Paracentesis is a form of body fluid sampling procedure, generally referring to peritoneocentesis in which the peritoneal cavity is punctured by a needle to sample peritoneal fluid.
The free-culture movement is a social movement that promotes the freedom to distribute and modify the creative works of others in the form of free content or open content without compensation to, or the consent of, the work's original creators, by using the Internet and other forms of media.
The Copyright Act 1957 governs the subject of copyright law in India. The Act is applicable from 21 January 1958. The history of copyright law in India can be traced back to its colonial era under the British Empire. The Copyright Act 1957 was the first post-independence copyright legislation in India and the law has been amended six times since 1957. The most recent amendment was in the year 2012, through the Copyright (Amendment) Act 2012. India is a member of most of the important international conventions governing the area of copyright law, including the Berne Convention of 1886, the Universal Copyright Convention of 1951, the Rome Convention of 1961 and the Agreement on Trade Related Aspects of Intellectual Property Rights (TRIPS). Initially, India was not a member of the WIPO Copyright Treaty (WCT) and the WIPO Performances and Phonograms Treaty (WPPT) but subsequenty entered the treaty in 2013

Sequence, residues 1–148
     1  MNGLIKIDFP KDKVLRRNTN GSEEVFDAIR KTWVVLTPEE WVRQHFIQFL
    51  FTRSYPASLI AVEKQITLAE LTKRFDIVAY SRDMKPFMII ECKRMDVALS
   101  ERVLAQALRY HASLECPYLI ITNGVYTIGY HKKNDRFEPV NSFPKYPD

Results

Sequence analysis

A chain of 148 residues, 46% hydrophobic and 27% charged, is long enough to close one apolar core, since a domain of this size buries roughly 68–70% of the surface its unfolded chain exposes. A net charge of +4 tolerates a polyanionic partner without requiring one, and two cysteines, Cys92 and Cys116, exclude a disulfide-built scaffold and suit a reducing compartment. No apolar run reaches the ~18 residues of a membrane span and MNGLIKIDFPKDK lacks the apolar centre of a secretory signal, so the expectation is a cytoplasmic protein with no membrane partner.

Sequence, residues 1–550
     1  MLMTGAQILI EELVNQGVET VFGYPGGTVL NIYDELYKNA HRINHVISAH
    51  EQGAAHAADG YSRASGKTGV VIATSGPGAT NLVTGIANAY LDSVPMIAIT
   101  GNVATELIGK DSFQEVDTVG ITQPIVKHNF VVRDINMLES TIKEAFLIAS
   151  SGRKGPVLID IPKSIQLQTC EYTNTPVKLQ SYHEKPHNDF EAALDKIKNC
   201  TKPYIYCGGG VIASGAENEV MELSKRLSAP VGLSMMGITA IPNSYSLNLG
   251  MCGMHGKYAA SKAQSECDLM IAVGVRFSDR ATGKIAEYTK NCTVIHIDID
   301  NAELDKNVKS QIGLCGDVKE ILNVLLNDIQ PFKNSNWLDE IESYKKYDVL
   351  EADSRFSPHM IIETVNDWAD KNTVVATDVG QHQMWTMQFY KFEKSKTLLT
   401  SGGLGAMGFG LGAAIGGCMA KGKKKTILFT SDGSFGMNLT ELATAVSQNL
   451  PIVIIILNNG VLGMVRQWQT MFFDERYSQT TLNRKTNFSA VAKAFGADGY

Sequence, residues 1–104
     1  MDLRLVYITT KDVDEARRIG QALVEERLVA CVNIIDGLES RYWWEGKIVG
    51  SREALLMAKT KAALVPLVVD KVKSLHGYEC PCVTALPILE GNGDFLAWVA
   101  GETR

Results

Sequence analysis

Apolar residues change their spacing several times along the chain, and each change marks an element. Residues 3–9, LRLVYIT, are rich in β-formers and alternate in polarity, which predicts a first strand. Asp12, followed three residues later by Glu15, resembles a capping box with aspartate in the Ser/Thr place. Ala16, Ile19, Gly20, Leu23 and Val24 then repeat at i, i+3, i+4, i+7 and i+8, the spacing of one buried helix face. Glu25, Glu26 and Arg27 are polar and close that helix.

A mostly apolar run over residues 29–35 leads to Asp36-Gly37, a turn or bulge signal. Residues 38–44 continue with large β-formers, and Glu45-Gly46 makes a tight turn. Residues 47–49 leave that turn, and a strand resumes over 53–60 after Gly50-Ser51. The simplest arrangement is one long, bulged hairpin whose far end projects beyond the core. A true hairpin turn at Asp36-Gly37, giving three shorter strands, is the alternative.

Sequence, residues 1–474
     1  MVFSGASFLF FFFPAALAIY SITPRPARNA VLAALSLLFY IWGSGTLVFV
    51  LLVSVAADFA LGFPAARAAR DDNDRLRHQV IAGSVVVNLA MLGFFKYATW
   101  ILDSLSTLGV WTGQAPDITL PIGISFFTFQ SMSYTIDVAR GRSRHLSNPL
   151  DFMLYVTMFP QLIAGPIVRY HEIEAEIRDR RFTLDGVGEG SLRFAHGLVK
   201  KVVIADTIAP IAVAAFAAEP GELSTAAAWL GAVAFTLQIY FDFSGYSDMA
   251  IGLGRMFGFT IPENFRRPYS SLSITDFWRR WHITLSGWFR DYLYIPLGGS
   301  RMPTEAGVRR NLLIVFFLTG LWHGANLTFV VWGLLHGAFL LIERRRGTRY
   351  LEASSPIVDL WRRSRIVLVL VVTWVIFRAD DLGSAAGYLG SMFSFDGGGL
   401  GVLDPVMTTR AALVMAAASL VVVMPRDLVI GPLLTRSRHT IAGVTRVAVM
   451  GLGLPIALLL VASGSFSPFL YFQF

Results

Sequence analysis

The Local Government and Social Care Ombudsman, formerly the Local Government Ombudsman (LGO) is a service that investigates complaints from the public about councils and some other bodies providing public services in England. It also investigates complaints about registered adult social care providers. It is the last stage of the complaints process, for people who have given the council or provider opportunity to resolve the issue first. It is a free service. Similar duties are carried out by the Public Services Ombudsman for Wales, the Scottish Public Services Ombudsman and the Northern Ireland Ombudsman.
The Platform Equality and Remedies for Rights Holders in Music Act of 2007, also known as simply the Perform Act of 2007 and sometimes written as PERFORM Act was a bill introduced January 11, 2007 in the 110th Congress by Dianne Feinstein (California-D) and sponsored by Lindsey Graham, Joe Biden (Delaware-D), and Lamar Alexander (Tennessee-R) to the United States Senate as S. 256. It superseded the Platform Equality and Remedies for Rights Holders in Music Act of 2006.
ChemSpider is a database of chemicals. ChemSpider is owned by the Royal Society of Chemistry.